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Every gen­er­ation has its own unique vocab­ulary, and Hillsdale stu­dents like to use a spe­cific word: “based.” But slang comes and goes, and it’s time for “based” to go. 

Despite the preva­lence of this word, many stu­dents still have no idea what it means or where it comes from. 

Urban Dic­tionary, the rec­og­nized expert on all things slang, offers a concise def­i­n­ition for the word: “A word used when you agree with some­thing; or when you want to rec­ognize someone for being them­selves, i.e. coura­geous and unique or not caring what others think.”

‘25 Garrett Goolsby said he remembers an older def­i­n­ition for the word. “I think the modern usage of the word is entirely incorrect in a his­torical sense, because it used to mean some­thing entirely dif­ferent,” Goolsby said.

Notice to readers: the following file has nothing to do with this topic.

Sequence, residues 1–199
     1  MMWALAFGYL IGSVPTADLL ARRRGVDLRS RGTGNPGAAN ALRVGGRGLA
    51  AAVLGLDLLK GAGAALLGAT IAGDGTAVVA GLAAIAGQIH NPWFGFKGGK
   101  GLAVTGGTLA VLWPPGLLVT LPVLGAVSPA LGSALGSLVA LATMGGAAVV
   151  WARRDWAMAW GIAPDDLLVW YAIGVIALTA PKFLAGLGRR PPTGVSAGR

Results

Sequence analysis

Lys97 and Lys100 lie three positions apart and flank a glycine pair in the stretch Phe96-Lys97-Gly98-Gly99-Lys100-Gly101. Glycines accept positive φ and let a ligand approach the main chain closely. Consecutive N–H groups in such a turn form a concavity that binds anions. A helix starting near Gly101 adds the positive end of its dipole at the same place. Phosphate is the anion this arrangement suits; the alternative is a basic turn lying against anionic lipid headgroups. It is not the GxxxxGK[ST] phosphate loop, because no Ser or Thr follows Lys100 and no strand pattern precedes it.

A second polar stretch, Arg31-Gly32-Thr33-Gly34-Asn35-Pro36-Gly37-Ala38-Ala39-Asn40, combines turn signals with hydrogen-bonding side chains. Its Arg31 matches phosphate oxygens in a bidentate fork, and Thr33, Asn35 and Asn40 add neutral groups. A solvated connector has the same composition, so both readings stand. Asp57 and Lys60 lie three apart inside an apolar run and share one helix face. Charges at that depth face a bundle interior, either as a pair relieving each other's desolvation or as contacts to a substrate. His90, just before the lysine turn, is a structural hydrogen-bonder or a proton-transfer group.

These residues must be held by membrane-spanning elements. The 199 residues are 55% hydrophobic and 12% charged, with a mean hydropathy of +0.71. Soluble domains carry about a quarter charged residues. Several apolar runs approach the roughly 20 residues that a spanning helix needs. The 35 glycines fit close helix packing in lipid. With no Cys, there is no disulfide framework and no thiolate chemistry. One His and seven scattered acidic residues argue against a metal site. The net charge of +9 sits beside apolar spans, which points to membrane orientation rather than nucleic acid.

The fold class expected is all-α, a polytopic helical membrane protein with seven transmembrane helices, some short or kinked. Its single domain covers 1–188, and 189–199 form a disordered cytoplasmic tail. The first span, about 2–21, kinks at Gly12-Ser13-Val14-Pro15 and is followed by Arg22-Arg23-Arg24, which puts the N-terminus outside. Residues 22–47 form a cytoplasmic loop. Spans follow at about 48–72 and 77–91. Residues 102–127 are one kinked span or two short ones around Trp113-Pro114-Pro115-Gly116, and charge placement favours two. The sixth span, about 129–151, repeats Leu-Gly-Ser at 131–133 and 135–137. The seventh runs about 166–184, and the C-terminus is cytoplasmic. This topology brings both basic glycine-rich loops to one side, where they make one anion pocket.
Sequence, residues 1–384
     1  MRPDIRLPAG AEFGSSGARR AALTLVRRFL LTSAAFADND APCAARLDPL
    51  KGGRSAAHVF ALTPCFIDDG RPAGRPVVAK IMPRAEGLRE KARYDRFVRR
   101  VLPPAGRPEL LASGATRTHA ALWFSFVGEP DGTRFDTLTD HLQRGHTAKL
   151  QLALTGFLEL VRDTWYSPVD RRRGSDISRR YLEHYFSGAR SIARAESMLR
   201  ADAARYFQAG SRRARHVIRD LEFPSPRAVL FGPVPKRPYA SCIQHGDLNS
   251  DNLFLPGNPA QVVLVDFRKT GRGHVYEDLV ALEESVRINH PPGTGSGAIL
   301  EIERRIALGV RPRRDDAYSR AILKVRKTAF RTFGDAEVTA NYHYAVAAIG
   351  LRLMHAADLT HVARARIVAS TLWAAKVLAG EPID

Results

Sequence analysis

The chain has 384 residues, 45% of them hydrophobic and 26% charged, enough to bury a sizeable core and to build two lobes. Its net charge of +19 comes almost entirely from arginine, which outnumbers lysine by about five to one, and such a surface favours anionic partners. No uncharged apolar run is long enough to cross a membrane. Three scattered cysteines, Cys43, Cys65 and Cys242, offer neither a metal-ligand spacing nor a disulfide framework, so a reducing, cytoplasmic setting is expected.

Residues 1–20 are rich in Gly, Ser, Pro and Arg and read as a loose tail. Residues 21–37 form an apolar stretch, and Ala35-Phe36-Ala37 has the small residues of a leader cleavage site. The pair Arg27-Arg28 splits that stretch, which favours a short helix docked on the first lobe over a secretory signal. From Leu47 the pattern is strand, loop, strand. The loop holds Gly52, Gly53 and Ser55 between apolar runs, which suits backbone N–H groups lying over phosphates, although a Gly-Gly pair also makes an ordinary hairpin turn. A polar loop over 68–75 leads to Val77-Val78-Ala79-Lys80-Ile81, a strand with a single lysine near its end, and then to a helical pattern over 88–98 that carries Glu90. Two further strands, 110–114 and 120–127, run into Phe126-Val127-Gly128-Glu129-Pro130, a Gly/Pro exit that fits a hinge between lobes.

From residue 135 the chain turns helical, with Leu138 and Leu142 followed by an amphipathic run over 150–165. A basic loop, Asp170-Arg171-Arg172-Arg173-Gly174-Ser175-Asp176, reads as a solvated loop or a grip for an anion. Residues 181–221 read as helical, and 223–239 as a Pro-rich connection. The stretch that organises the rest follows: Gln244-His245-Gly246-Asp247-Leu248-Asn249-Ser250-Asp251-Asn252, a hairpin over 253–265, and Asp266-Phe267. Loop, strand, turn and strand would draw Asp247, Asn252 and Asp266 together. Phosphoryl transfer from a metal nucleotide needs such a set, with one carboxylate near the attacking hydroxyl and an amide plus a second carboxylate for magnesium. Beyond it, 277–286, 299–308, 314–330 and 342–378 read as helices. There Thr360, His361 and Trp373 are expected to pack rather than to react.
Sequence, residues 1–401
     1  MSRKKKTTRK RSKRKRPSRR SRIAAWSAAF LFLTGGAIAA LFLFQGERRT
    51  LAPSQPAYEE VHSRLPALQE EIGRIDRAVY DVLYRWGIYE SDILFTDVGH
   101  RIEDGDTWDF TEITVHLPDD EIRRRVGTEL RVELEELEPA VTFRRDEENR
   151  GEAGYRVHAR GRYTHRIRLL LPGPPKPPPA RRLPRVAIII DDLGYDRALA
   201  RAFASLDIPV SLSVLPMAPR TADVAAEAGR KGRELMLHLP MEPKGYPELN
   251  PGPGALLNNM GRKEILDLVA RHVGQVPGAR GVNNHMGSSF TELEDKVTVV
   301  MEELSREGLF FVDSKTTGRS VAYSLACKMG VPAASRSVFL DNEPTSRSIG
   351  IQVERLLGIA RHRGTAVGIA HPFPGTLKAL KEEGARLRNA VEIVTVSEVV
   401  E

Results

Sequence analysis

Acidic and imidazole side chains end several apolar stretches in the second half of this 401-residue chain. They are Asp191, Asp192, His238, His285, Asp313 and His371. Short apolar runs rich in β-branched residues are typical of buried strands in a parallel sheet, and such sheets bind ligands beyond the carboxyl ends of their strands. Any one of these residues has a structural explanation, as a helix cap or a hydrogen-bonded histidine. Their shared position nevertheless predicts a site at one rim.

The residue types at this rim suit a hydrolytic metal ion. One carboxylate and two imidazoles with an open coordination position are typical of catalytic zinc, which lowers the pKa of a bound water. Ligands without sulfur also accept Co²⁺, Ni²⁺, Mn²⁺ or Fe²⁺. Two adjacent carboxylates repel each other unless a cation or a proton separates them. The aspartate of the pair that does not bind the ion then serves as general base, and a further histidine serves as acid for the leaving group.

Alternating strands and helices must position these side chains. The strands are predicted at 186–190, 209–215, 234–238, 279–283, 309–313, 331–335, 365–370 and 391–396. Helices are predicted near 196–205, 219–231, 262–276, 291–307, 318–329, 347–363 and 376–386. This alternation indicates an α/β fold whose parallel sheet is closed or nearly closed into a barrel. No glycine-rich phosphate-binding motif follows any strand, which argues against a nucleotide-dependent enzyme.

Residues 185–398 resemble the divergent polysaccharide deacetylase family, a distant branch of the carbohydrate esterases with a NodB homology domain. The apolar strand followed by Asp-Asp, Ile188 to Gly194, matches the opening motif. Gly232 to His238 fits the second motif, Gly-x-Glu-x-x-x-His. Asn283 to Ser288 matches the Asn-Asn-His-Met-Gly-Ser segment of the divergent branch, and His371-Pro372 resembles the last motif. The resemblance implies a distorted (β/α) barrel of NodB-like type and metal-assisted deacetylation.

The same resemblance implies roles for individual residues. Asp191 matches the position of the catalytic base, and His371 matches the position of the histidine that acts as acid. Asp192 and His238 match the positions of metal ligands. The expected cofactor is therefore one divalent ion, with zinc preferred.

Specif­i­cally, according to Dictionary.com, “based” used to be syn­onymous with “crackhead”, until the rapper Lil B took matters into his own hands. “Based is a slang term that orig­i­nally meant to be addicted to crack cocaine (or acting like you were), but was reclaimed by rapper Lil B for being yourself and not caring what others think of you,” the website says. 

“Based is a great word being overused at this campus,” said freshman Kirsten Lopez, who also points to an even deeper issue with the word. “I knew it was a problem when pro­fessors were saying it in class.”

Slang has no greater enemy than the awareness of older adults. Now that the pro­fessors have learned the word, “based” is doomed. 

Perhaps that’s for the best. While Lil B suc­ceeded admirably in trans­forming “based” from a synonym for a drug addict to a common com­pliment, the history of the word doesn’t dis­appear. And whether pro­fessors have entirely suc­ceeded in acquiring the term for their own use or not, no slang has the same value once it gets too much use. 

So for your benefit and out of respect for the sordid past of the word, it’s time to give up “based.” Let the pro­fessors have their new catch­phrase and open your minds to more descriptive words instead. 

It’s about time we made it “cringe” to say “based.”